Marilag Lubag's Blog

How to Train with a Master | February 26, 2016

Sometimes, I like to pretend that I’m Whitney Houston (may she rest in peace) and would try to sing the way she does. Of course, it would always end up with me yelling aloud. My voice isn’t designed to be that of Whitney Houston. Mine is a cross between Broadway and Classical. I’m not designed to sing like Whitney Houston. Nevertheless, I like to sing and to pretend that I’m Whitney Houston when I find the time for karaoke—an impossible task these days.

Pretending to be someone who’s good at their craft is a good way to learn the craft. Whether it’s trying to imitate Leonardo Da Vinci’s painting or trying to write in the style of J.K. Rowling, trying to imitate a master is a good way to learn the basics while we’re developing our own skillset. Eventually, we would develop our own preferences until we know our craft enough to have our own style.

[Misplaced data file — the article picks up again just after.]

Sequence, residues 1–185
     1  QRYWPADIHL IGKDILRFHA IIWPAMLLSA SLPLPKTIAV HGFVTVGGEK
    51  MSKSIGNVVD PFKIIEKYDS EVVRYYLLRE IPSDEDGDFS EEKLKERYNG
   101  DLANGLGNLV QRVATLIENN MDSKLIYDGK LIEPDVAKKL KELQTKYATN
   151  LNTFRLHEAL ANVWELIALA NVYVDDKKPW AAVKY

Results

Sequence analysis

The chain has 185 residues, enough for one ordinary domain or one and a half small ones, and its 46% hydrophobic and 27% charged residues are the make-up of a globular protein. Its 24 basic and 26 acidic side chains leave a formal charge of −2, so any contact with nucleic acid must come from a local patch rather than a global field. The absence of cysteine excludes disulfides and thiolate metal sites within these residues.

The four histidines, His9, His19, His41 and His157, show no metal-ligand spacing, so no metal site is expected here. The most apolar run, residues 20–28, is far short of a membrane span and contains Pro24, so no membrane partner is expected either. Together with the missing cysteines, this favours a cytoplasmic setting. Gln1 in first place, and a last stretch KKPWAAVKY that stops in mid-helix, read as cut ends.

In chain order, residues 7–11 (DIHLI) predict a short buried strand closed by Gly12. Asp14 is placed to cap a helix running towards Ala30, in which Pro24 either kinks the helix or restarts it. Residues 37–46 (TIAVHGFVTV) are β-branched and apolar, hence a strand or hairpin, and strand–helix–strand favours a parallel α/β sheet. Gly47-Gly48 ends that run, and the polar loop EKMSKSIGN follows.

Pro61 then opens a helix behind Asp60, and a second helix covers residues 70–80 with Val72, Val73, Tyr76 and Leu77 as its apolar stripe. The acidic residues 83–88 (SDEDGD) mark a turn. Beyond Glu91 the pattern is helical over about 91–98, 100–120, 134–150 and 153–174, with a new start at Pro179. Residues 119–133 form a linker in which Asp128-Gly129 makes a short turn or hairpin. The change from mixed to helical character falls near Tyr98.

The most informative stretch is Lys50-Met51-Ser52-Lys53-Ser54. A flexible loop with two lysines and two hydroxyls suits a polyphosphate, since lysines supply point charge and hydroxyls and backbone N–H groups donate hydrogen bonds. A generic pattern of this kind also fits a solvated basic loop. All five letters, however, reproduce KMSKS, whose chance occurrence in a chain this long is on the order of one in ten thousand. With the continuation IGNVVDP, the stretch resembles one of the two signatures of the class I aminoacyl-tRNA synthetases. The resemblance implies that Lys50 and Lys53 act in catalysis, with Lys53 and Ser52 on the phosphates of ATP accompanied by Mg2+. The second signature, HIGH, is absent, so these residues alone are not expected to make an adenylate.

While some people would argue that we need to develop our own style, it’s not easy to develop our own style if we don’t know what style we like. It would be better to have your top five favorite authors, try to imitate their style, and keep what we like about them and throw away what we don’t. We won’t know what we want until we have an idea of what it could be.

Imitating a master is a form of training. Anyone who says otherwise either wasn’t very good at what they do or are lying. Every world class artist have other artists before them that influenced them. It’s how they learn what works for them and what doesn’t. Don’t be hesitant to imitate other artist while studying our craft. What’s important is to use them as a guide—to take what we like about them and to set aside what we don’t. Each individual is so unique that they cannot fully imitate the master. Sooner or later, the artist would know himself or herself enough to have his or her own style.

Who is your favorite artist on the medium you enjoy?

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